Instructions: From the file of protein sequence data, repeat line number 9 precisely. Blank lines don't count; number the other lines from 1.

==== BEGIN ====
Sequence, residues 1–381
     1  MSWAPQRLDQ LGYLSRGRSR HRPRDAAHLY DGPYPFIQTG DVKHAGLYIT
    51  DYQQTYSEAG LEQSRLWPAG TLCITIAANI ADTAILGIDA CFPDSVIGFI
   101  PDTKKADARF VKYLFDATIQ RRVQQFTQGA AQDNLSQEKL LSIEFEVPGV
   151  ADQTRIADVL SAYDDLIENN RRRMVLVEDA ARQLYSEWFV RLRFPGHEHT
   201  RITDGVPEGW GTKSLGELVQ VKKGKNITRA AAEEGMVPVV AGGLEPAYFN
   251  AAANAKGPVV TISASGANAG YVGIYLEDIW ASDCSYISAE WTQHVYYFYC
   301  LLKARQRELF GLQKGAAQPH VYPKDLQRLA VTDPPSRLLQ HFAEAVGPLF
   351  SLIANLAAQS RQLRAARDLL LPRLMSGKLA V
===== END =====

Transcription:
   351  SLIANLAAQS RQLRAARDLL LPRLMSGKLA V